Gin’s Journal Entry, Day 33, Page 51
We continued marching along the coast line without further incident and, by mid-afternoon, we arrived at the slippery flight of steps chiseled into the cliff walls that led up to Osmarren. After some difficulty climbing the stairs and entering the city proper, we were greeted by Constable Hannah Truebeard. She was overjoyed to see that we had returned and more so when she saw Balor in our company.
“But weren’t there two others with you?” she asked.
“They’re dead,” I replied, almost callously.
“My kitty is dead!” Tamar bellowed, on the verge of tears.
“Well, Eki, the cat fellow, is most certainly dead,” I mumbled, “but at least we have that dagger he took from us.”
“And the pretty elf girl?” Hannah asked.
“Not really sure, exactly,” I continued. “She disappeared in the chaos and we never saw her again. I can only assume she was crushed under the ship.”
“She turned into a toad,” Tamar added.
“A toad?” Hannah was confused.
“It’s a long story,” I said, “but rest assured, the Sahuagin are no more.”
“The Sahuagin are gone?” Hannah asked, excitement in her voice.
“They shouldn’t be bothering Osmarren anytime soon,” I said. “Their leader, along with their nest, is destroyed.”
“That’s wonderful news!” Hannah cheered. “Please, come with me. You must tell me everything.”
She led us through the city and to her private office. There I gave a recounting of our adventure with Merrill, the exploration of the giant ship, the battles that ensued with the Sahuagin, and the aftermath.
“Incredible,” Hannah said. “All of Osmarren will now have a good reason to celebrate the Blank God’s Blessing Day. Although the priestess Nathairue is lost to us, this news of the Sahuagin will revive the people’s morale.”
“The Blank God’s Blessing Day?” I asked. I had forgotten.
“Yes, our yearly festival to encourage Amenoth to awaken and return to us.”
I was never proficiently familiar with Amenoth and the common people’s belief in that unknown deity. My clan had no concern for such a god. My clan were Sentinels of the Umbra. We had concerns far greater than worrying about some silent god that seemed to have no care for world.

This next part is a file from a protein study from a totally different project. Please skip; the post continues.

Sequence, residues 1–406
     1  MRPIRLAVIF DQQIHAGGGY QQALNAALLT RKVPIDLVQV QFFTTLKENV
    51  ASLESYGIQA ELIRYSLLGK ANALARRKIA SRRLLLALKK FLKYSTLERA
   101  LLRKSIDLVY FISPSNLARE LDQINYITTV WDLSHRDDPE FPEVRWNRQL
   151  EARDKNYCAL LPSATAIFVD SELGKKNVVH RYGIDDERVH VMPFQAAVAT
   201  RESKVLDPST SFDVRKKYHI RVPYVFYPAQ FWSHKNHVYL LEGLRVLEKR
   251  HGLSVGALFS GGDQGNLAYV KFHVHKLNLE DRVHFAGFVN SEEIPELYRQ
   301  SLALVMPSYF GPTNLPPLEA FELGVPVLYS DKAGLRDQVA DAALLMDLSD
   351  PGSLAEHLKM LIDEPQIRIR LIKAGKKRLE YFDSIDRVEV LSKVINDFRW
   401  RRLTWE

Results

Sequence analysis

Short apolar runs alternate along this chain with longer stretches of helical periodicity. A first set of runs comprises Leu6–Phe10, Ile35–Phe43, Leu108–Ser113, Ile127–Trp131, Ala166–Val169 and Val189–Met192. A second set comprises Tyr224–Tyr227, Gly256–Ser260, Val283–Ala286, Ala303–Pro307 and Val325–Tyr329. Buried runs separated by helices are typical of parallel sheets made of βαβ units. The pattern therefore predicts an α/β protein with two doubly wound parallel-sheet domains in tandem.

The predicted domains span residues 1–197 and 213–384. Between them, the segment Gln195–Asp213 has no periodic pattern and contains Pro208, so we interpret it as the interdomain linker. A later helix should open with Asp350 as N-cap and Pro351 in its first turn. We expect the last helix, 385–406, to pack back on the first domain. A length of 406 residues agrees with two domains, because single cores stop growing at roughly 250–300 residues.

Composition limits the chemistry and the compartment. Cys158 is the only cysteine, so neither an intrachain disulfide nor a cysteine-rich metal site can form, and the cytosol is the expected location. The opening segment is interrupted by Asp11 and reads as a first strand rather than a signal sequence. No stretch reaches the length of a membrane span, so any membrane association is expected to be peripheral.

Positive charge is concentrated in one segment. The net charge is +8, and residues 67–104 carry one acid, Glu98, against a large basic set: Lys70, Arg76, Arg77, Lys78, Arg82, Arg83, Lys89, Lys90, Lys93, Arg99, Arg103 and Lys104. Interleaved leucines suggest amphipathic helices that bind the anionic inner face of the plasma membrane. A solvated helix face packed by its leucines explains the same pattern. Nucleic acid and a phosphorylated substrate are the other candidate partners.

Hannah continued and told us that a new priest, Ormak, would be arriving in Osmarren within the hour, to replace Nathairue and begin the official celebration. She invited us to witness the new priest’s arrival and partake in the festival.
Tamar and Balor were eager to participate, but Happi declined, saying she had private business to attend to. I had no real interest in seeing another silly little man, pretending that he knew the will of his god, and force that made-up will on the simple minds of the common folk. But I had other tasks at hand and I didn’t want to be impolite. I agreed to come.
The whole community came to see the new priest. The road through the city and to the temple was clear and the people stood, knelt, or lay flat on their face on the curb, in silence and prayer in anticipation of their new priest.
I could sense a slight discomfort from Tamar. This was not the same god she had devoted her life to. Balor seemed to fit in with the people. But that was no surprise as he was from this city. I, on the other hand, was mildly interested and bemused by the entire hubbub, my only reaction being to roll my eyes.
The great gates of Osmarren opened and a procession of men robed in black marched through the gates, their arms locked at their chests and heads bowed. They made no sound as they slowly walked the road to the temple. The community was silent as they watched in reverence. At the end of the procession, four robed men pulled a small, wooden cart, gilded in shiny, white stones and sea shells. Standing on the cart was a huge, ten-foot tall man, of the goliath race, dressed in a red robe, covered in jewelry made of sea shells, and had a thick hide mask that wrapped around his bald head and covered his mouth. His eyes were black and all continued to be silent, expect for the barely audible sounds of the cart moving along the road. This was Ormak.
Once the goliath arrived at the temple, followed by the community, he turned to the people and gave a speech.